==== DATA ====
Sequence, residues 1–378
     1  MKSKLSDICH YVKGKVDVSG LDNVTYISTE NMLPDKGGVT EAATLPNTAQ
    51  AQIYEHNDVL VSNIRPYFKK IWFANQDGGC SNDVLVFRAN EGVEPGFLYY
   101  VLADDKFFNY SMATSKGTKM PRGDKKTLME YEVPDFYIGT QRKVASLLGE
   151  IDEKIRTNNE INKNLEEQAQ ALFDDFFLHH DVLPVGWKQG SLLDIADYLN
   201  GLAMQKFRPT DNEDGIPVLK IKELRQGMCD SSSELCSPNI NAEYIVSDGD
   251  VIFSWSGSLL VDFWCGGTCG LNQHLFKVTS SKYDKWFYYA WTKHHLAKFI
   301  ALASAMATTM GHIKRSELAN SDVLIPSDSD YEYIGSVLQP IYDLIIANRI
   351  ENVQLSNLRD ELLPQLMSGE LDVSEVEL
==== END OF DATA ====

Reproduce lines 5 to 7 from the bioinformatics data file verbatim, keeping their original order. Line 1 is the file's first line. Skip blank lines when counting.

   151  IDEKIRTNNE INKNLEEQAQ ALFDDFFLHH DVLPVGWKQG SLLDIADYLN
   201  GLAMQKFRPT DNEDGIPVLK IKELRQGMCD SSSELCSPNI NAEYIVSDGD
   251  VIFSWSGSLL VDFWCGGTCG LNQHLFKVTS SKYDKWFYYA WTKHHLAKFI